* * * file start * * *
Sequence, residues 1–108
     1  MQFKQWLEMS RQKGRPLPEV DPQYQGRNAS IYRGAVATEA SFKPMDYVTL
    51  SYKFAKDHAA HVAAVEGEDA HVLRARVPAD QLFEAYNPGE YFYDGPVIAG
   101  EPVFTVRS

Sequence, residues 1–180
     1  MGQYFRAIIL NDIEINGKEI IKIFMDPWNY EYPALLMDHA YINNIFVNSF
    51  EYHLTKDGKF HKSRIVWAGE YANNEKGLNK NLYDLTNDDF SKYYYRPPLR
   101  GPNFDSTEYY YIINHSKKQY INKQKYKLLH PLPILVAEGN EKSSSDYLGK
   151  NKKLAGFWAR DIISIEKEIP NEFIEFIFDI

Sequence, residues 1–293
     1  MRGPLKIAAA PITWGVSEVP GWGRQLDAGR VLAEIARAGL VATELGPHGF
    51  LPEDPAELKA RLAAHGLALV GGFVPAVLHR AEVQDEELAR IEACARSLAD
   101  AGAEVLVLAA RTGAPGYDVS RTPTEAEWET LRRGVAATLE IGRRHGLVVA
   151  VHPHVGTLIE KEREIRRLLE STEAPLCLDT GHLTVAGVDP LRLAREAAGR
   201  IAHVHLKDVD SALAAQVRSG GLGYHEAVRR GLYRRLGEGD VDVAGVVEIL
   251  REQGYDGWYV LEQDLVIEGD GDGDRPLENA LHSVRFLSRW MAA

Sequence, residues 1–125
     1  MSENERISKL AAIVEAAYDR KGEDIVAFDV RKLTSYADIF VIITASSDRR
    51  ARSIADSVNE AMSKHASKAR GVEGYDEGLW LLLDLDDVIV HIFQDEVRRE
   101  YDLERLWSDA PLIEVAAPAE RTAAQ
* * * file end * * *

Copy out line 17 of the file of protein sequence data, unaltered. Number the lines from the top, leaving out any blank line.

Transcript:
Sequence, residues 1–125